Paulo Lopes

There are a couple of things that make it faster. The usage of netty provides faster IO than libuv, then vertx implements a different eventloop that uses all computing resources and gives better handling of async tasks, finally graalvm (in contrast to V8) can optimize the full application (not just the js script) it optimizes netty, vertx and the js code (graaljs + es4x) so in the end the JIT gives an extra boost to everything and you get that performance. The cost isn't free, you will see that this has the side effect that only works as expected for long running processes (short cli apps won't benefit from this).

sj82516 profile image

hi Paulo, it's me again. :P

It's really interesting but a little bit confusing to read vert.x with es4x.
As a beginner, I am not really sure about the relation between es4x and vert.x.
As far as I known, vert.x is independent with GraalVM and not support ES6 feature.

But ES4X supports ES6(which is awesome of course) and have to run GraalVM as the compiler and the runtime.

Back to something I feel not quite sure,

  1. ES4X seems to support vert.x syntax but also ES6 syntax. Take timer for example, in vert.x I have to use vertx.setPeriodic() and in ES6 use setInterval(). They both work in ES4X project. But in the ES4X example, I don't see the showcase about this kind capacity.
  2. This is my personal question about Vertx. I not really sure the multiple event loops mean in the documents.

Even though a Vertx instance maintains multiple event loops, any particular handler will never be executed concurrently, and in most cases (with the exception of worker verticles) will always be called using the exact same event loop.

especially this line any particular handler will never be executed concurrently. Does it mean even I create A,B,C 3 event loops, if A event loop is executing one handler, B/C have to stall until A finish execution ?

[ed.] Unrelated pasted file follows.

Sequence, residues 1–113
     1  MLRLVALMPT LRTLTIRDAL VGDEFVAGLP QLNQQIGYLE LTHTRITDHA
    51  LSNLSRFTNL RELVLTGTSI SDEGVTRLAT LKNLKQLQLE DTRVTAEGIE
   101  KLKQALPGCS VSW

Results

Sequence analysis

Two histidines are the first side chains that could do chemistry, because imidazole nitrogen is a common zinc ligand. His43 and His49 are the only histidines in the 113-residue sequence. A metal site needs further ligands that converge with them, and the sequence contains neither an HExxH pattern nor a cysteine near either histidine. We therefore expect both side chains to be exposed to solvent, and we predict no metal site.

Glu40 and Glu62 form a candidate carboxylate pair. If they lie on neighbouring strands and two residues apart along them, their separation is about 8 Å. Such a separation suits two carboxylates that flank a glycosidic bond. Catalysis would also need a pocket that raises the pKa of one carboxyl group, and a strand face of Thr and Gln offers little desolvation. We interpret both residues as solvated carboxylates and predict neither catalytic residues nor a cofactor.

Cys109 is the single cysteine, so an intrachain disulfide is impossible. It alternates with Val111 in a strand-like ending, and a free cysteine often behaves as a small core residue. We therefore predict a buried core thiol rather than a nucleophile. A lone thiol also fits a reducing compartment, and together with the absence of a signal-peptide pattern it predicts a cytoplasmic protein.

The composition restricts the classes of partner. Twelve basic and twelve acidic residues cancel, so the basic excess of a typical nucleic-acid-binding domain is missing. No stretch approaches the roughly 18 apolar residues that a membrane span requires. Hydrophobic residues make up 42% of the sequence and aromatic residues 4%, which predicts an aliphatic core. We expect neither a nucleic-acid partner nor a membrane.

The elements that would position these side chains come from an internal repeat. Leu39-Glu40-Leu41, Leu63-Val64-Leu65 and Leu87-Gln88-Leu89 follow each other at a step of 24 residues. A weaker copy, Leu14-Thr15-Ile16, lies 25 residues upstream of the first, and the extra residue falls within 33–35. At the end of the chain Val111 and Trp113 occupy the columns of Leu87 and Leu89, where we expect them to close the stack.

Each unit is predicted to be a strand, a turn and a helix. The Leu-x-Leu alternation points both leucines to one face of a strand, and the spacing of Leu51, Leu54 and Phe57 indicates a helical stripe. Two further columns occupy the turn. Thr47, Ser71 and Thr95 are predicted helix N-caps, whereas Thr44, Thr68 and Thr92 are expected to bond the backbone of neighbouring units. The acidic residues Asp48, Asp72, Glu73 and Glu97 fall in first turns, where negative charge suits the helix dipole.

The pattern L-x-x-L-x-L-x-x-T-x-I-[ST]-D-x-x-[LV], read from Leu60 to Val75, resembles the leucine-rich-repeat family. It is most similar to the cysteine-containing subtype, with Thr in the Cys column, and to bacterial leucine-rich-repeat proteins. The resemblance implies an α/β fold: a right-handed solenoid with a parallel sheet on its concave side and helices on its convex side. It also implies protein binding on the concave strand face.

3.Would I gain a lot performance benefit if I use es4x-launcher to run my current project written in Express.js ?

Thanks for your answer and contribution.

Thread Thread
pmlopes profile image
Paulo Lopes


ES4X is a new JavaScript runtime that is supposed to replace the official vertx js. The official vertx js is using nashorn so it only supports ES5.1, it's not high performance and has a development workflow based on java tools such as maven and not npm.

The goal is that with version 4 vertx will drop that js runtime and adopt ES4X.

This brings to the following question, ES4X is based on vertx, not libuv so express will not work out of the box but writing an API shim could be doable but it's not on my plans atm.

Finally regarding the multiple event loops, they never block each other, what is guaranteed is that if a request is started on event loop A then all handlers for that request are handled on event loop A to avoid context switching and improve performance.

Thread Thread
sj82516 profile image

Thanks for your patient and explanation.
It solved my problem when I knew the ES4X is a JS runtime.
Really appreciate.

siloamx profile image
Marek Marczak

I really doubt that single vertx instance (vertice) is faster than single instance of libuv. Libuv is written in pure C and talks directly to system kernel (file descriptors). The main reason that vertx is faster is the multi-reactor pattern. Most of frameworks based on libuv (node, asyncio) are single threaded. Vertx can create event loop on each thread by default.

pmlopes profile image
Paulo Lopes

Hi Marek, please carefully read the benchmark source code. You will see that the node implementations are scaling to all cores using the cluster module. Also others had the same question and also provided a implementation using 0http which claims to be fast, results however show the opposite.

You can see all source code here:

Also the code has been peer reviewed but you're welcome to review it too.

The latest run and results are here:

sj82516 profile image

This is really great!